It was a cold and drizzly day in early March, 1966 when I stood waiting for a bus at the railway station on the Halifax waterfront. "Ocean Terminal" was an appropriate name I thought. What made matters worse was that I also had a toothache and was about to leave home for good! Standing there, my mind drifted back home and considered the restlessness that caused me to stop in at the local recruiting centre to join the Royal Canadian Navy. I had more-or-less finished with school and my parents were more-or-less finished with me at that time.
A few months earlier, a friend and I went to the recruiting office and took the required entrance tests, interviews and medical examination. Still together at this point, we got mixed in with people both coming and going, so to speak. At the time, the forces were just switching from three-year hitches to five-year contracts, so we came face-to-face with a bunch of uniformed, one badge (good conduct) AB's on their way out. It sure wasn't very encouraging to have a guy walk up to you while sitting outside the examination room saying, "You'll be sorry!" Now, I was standing there alone as my buddy was either rejected or decided not to proceed any further.
I can still hear the chatter on the electronic address systems of navy ships anchored out in St. Margaret's Bay while I was a young boy growing up near there. It all seemed pretty exciting when the launches would come ashore at the local wharf while we were snorkeling about. We'd have to stop diving off the wharf when they would come in on the rising tide. The sailors would ask me to run to the store and get them some so called "fizzy pop" while they waited for whomever it was to come aboard or go ashore. I'd also see them out there at night sending signals back-and-forth between each other and I'd try to "flash" them back from my bedroom window with my dad's flashlight, thinking they'd see me and reply. Shucks, it was a good thing they didn't because Morse code was far and away outside my actual vocabulary back then.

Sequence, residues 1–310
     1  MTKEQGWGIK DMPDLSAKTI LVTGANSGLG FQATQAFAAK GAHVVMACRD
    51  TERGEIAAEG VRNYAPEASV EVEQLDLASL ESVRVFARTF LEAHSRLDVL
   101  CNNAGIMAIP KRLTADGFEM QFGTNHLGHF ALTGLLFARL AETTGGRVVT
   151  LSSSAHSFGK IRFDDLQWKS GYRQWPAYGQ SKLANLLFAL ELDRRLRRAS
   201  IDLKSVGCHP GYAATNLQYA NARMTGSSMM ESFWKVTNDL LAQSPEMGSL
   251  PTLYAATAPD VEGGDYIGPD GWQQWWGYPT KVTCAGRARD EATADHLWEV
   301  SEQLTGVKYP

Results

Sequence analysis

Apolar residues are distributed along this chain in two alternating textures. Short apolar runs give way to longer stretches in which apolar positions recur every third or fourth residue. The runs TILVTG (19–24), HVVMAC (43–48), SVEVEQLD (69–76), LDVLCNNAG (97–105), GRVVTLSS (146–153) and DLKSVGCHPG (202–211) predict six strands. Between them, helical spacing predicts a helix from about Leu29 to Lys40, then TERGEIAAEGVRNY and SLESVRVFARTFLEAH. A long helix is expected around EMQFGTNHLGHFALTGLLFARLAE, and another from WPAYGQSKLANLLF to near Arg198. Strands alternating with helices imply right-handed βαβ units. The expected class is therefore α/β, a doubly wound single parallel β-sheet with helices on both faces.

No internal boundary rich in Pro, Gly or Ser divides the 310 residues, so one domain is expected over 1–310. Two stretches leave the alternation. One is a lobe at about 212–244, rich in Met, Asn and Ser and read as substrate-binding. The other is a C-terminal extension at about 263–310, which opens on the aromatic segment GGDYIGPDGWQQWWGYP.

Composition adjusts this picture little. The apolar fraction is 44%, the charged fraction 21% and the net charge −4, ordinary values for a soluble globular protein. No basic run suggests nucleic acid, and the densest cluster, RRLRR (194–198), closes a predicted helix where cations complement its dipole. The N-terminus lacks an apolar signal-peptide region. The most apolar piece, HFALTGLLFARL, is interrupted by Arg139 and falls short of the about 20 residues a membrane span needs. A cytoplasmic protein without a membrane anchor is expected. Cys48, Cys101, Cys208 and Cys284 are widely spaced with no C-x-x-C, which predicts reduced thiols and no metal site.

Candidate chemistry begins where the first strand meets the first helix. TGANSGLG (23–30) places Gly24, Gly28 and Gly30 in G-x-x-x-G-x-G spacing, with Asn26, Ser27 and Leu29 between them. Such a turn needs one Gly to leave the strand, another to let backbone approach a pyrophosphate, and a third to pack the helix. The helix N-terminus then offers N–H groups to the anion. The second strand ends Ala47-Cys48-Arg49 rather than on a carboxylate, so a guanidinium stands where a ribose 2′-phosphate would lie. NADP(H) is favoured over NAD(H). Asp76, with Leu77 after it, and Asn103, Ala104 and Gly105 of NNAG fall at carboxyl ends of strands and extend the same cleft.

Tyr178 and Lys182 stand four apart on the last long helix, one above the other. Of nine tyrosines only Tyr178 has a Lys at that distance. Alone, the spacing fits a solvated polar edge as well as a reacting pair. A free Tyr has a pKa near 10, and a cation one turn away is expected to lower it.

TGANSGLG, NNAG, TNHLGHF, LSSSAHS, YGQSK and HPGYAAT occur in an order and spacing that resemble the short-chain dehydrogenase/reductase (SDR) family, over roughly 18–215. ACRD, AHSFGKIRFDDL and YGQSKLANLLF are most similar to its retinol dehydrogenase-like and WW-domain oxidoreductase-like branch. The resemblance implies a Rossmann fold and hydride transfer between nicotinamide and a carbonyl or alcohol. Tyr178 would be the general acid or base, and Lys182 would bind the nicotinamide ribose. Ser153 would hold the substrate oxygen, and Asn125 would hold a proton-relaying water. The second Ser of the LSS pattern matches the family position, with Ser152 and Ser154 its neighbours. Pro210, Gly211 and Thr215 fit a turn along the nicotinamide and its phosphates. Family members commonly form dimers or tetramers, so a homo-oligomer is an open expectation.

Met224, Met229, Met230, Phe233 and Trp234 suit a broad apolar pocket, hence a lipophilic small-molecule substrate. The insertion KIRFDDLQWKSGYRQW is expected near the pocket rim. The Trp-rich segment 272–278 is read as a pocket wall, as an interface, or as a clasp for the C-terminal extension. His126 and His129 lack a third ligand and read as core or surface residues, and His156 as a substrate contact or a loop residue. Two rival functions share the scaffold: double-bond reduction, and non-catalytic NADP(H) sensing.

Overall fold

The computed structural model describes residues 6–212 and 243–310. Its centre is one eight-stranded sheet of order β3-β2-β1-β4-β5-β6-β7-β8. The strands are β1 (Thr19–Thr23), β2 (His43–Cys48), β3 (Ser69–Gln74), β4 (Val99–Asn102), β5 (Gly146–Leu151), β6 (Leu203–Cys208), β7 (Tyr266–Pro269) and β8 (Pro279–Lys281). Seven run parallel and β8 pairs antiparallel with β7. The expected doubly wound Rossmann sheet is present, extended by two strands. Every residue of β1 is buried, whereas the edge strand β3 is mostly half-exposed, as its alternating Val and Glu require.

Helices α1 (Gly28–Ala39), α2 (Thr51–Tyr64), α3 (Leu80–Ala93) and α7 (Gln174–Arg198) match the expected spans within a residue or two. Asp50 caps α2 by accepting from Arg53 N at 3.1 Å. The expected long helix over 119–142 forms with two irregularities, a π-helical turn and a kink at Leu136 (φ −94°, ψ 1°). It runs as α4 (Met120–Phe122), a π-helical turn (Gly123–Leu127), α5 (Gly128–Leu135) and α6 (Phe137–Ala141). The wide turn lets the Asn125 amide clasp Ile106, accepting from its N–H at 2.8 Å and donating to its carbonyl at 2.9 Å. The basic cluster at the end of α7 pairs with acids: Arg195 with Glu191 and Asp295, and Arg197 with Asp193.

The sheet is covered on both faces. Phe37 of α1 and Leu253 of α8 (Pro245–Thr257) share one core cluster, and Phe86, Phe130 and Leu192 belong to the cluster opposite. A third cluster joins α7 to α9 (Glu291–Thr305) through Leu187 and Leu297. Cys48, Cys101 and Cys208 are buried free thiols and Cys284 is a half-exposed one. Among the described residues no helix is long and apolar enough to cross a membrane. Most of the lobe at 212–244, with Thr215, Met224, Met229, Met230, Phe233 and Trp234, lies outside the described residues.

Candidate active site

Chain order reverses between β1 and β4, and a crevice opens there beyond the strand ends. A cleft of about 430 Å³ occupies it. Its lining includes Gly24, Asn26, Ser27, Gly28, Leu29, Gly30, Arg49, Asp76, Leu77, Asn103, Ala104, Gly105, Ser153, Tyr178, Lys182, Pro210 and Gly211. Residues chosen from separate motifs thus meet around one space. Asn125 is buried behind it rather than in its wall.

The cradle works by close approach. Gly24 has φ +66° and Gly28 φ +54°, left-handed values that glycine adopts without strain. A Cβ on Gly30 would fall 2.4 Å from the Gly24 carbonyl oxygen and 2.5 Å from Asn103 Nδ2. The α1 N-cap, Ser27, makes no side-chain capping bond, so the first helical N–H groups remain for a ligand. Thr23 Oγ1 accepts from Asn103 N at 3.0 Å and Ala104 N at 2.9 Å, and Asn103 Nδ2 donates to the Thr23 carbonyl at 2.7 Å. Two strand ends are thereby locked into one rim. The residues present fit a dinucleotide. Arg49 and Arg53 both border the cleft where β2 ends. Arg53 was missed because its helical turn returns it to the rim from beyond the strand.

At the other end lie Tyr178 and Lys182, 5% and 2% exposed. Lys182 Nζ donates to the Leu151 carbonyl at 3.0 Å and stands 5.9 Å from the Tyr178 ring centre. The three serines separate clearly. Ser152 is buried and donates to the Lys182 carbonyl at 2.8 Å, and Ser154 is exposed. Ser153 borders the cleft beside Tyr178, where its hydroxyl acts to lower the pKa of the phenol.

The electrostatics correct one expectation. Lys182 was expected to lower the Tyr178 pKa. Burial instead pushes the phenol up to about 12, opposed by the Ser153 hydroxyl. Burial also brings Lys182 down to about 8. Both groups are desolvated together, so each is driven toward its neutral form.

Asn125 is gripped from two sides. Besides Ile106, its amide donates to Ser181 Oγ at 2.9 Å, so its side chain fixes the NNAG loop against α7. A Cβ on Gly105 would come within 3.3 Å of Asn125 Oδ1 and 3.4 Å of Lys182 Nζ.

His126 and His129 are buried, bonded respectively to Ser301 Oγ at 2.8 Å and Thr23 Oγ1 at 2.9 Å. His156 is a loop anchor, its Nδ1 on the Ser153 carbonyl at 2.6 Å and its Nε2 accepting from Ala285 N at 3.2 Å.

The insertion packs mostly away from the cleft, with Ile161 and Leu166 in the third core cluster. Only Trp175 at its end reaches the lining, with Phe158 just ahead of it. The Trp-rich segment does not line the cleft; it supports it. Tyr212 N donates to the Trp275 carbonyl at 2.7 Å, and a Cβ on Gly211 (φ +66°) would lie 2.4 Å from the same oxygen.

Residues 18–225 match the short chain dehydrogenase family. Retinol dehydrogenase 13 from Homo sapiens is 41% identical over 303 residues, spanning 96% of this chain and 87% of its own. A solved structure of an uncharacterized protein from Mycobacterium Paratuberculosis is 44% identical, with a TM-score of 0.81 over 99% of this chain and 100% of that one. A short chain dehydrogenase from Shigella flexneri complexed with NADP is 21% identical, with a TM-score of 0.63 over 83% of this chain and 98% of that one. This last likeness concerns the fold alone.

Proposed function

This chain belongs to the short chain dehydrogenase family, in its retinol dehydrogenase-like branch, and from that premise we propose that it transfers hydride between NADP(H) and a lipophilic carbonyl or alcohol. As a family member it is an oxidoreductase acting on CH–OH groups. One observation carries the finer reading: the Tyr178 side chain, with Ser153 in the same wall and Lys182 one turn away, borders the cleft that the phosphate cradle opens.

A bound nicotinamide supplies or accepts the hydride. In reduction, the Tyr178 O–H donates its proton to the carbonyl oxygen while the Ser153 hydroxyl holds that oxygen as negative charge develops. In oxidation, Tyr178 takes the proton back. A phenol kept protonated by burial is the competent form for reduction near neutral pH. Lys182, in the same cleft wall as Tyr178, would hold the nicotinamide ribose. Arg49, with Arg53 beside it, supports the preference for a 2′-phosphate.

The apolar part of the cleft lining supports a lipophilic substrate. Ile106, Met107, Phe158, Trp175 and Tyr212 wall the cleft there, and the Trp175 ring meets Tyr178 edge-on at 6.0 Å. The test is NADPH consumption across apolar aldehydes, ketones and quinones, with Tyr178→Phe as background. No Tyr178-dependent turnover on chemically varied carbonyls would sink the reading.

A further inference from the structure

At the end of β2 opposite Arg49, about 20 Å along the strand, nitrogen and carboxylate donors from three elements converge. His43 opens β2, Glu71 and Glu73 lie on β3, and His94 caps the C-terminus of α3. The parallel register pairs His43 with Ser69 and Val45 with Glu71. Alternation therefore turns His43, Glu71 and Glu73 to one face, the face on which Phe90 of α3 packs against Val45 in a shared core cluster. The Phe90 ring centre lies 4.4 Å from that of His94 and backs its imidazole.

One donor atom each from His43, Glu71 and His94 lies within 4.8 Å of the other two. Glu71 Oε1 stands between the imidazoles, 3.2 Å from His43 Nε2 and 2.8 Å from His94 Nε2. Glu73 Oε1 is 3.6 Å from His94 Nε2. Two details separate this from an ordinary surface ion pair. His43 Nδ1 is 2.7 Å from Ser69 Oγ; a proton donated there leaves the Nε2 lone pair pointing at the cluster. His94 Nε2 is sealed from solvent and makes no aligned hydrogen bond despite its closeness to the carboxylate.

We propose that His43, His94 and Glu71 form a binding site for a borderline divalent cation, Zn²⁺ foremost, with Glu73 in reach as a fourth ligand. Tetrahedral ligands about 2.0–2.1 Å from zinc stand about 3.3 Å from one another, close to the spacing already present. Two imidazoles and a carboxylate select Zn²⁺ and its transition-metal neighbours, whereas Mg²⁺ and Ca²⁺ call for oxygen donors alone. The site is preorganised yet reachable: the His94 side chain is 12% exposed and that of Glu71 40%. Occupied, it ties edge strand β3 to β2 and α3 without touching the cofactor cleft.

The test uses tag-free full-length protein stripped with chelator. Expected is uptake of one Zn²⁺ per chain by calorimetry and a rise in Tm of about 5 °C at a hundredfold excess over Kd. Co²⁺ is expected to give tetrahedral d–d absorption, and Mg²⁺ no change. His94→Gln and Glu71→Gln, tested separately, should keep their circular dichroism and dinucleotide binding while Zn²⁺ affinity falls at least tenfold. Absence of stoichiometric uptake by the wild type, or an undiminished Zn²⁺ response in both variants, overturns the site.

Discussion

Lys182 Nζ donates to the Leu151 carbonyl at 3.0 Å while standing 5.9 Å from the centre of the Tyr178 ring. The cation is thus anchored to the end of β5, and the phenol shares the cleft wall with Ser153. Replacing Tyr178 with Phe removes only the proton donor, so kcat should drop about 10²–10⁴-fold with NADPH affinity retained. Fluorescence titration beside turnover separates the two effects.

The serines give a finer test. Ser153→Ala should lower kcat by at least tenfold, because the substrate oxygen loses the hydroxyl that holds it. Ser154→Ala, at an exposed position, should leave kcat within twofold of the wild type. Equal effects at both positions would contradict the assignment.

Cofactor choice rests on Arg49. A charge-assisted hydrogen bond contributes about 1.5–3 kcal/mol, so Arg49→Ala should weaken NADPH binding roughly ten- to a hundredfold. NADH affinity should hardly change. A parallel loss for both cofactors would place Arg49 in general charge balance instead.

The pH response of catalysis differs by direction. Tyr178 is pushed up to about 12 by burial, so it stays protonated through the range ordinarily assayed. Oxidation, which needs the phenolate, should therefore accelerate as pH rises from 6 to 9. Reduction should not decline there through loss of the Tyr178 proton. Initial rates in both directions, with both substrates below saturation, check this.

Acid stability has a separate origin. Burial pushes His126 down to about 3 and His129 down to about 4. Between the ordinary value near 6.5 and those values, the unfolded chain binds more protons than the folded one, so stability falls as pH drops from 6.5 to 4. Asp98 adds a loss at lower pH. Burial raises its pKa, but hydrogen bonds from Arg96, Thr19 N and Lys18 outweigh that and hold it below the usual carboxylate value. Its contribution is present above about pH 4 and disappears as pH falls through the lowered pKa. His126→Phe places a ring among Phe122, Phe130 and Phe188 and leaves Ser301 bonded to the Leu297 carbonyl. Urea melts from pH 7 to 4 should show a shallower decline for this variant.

So, needless to say, when my mom and dad were beginning to tire of me and my teenage ways, I wanted to strike out for the "great beyond", the navy seemed like a logical thing to do. Back then, it was sort of considered to be a way to redeem oneself! After all, I grew up near the water and was proud to be able to row all over the bay and zip in and out with the neighbor's old make-and-break, one cylinder, made-over fishing boat. What lay outside that bay intrigued me. At that time, those destroyers would sail right up to Mason's Point, turn about and cruise back out to sea. It was a sight to behold on a clear and calm day.